End of life care is healthcare, treatment and support for an individual who has a life-limiting or progressive illness or condition that cannot be cured. Services provided by Rowans Hospice begin months and sometimes years before death, when it becomes clear that things are progressing. Our end of life care helps the person to have the best quality of life, ensuring everything possible is done to support family and friends too.
We offer short stay admissions of assessment, treatment, and care within our hospice in Waterlooville for people experiencing life-limiting and progressive illness, with the aim of maintaining optimal quality of life for as long as this may be possible. Our specialist hospice team, comprising doctors, nurses, and other professionals, such as social workers, physiotherapists, occupational and complementary therapists provide physical, psychological, spiritual, and social care. People receiving end of life treatment and care, including care in dying, will have their own en-suite bedroom with a view of our beautiful gardens and access from the room out into our tranquil surroundings.
Furthermore, we strongly believe that hospice care should be available outside of a dedicated building and therefore our Hospice at Home service provides end of life care in the comfort of your own home. Right up until the end of a person’s life, our care is about helping people live every moment to the full in comfort and dignity and alongside those who are important to them.
Additional services are provided to enhance the quality of life for the people living in Portsmouth and South East Hampshire through Rowans Living Well Services. Here drop-in support, telephone advice and therapeutic activities are offered both on site and on-line for those affected by life-limiting and progressive illness, which includes family members, carers, and friends. The range of therapies is vast, and people can choose what feels right for them. When connectivity with others may be therapeutic, we host dedicated groups – for example, we host a group for veterans and another for gardeners.
From our experience, we acknowledge and appreciate the many difficulties and challenges people affected by life-limiting and progressive illness will be facing and all our staff and skilled volunteers will be receptive and available to listen and support. This includes a dedicated team of Psychological therapists, Counsellors and Family Service Volunteers who specialise in this area of practise, including specialist support for young people and children who are or will soon be bereaved.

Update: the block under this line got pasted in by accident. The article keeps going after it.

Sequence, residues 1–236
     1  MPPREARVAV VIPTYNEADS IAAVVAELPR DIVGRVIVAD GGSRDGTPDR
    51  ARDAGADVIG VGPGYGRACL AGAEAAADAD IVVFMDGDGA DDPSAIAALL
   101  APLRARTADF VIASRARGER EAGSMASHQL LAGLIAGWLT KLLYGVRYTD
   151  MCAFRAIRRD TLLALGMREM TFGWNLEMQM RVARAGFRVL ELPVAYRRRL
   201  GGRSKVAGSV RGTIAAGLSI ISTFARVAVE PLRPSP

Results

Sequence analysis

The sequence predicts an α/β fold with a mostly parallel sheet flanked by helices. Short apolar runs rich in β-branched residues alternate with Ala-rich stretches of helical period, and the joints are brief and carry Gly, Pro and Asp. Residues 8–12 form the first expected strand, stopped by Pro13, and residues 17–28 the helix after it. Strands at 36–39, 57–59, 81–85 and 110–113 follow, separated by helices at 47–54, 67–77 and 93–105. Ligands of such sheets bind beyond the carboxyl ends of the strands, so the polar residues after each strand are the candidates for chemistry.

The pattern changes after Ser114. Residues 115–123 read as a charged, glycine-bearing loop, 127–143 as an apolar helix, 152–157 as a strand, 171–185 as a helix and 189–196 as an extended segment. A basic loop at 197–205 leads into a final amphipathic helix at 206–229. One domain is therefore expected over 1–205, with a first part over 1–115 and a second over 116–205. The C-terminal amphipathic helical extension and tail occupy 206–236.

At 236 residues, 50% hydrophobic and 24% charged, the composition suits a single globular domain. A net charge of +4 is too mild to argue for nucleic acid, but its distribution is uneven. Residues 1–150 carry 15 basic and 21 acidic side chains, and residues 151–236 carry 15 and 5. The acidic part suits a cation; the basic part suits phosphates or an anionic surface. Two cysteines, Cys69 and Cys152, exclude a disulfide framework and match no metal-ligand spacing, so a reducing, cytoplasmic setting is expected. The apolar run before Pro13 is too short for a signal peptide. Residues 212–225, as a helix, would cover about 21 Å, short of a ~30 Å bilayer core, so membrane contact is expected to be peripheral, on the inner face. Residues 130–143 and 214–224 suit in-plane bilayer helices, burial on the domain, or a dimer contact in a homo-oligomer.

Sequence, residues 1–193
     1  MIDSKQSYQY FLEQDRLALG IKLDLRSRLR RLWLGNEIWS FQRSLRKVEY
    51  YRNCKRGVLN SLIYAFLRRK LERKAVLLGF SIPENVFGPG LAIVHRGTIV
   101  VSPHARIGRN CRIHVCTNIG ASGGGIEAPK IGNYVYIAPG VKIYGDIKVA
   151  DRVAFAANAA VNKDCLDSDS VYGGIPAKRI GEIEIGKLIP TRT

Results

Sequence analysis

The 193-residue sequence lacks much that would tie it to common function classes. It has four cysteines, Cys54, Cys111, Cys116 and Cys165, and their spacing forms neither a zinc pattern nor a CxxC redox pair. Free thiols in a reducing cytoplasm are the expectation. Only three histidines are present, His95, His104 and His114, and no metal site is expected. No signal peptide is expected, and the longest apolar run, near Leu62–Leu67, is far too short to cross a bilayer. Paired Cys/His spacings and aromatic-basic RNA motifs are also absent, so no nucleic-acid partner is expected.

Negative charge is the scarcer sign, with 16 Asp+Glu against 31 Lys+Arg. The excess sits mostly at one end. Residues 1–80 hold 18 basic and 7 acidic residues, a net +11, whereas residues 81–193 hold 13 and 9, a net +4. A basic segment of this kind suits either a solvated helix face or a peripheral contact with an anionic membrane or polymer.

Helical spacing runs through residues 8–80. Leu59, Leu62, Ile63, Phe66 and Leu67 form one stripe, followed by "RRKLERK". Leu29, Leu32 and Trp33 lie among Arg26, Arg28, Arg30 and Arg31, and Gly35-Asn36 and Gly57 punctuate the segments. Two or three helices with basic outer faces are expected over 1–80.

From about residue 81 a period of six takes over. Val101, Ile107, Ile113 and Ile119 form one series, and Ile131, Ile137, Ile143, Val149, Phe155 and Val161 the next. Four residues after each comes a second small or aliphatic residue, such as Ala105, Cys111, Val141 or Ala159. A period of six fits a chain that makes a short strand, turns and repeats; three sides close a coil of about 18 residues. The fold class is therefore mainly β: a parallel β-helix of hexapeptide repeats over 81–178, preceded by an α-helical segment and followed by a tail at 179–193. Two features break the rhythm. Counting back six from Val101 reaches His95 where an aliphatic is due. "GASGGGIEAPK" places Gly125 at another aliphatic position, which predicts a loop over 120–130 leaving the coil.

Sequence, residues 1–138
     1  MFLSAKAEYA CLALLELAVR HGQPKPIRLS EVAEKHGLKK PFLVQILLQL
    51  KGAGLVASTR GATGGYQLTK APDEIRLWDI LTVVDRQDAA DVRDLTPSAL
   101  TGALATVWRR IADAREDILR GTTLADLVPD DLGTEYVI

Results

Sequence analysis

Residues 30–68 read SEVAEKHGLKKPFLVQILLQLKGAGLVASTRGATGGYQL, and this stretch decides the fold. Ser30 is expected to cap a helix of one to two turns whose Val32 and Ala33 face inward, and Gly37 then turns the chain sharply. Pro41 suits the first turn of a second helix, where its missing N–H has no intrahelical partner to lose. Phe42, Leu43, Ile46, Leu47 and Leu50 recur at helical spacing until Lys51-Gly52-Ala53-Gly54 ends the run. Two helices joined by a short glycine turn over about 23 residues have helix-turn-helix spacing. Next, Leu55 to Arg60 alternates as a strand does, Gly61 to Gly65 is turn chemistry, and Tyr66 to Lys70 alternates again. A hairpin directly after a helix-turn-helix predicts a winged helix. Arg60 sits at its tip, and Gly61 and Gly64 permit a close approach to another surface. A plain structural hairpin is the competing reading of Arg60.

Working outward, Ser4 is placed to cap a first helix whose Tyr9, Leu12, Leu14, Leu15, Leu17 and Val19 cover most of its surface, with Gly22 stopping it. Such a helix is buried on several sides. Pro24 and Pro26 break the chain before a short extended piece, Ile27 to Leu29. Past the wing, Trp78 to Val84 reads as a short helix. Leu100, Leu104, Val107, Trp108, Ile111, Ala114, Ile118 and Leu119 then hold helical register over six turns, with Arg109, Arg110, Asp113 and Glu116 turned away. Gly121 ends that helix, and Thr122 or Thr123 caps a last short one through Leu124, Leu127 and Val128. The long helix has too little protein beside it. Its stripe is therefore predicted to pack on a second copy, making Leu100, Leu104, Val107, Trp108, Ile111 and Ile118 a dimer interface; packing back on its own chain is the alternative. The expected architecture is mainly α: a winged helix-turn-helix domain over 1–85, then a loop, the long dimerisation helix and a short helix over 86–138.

Our Spiritual Care Chaplain complements the spiritual support provided by other members of the specialist team, offering support time to talk and to help people explore thoughts, feelings, questions, and doubts.
Advance care planning may be a daunting exercise to consider, however we are here to help. Our experience demonstrates that thinking and detailing what is right for you will help all those around you to plan ahead and do all that is possible to enable you to receive the care and treatment that is right for you. This is especially helpful if you are unable to voice your own wishes and preferences and will be particularly helpful to your own family and friends.
Importantly this can include where you would prefer to die, as knowing this in advance will help everyone prepare and prevent inappropriate and unnecessary hospital admissions.
If you don’t have a Will already, it is advisable to get one written to confirm what you would like to happen to your possessions, money, and property. You can write the Will yourself but to make it legal, you are best advised to get it witnessed and signed. For more information, see the gov website. A dedicated Citizens Advice service is available by appointment through the Rowans Living Well Services, or you could contact a local solicitor. (could link to Make a Will Week).
If you feel you may be unable to make decisions in the future related to your own treatment and care, you can appoint someone who would know your wishes and could then advocate your best interests. This is called a lasting power of attorney. For more information on registering for one, see the gov website. A dedicated Citizens Advice service is also available by appointment through the Rowans Living Well Services, or you could contact a local solicitor.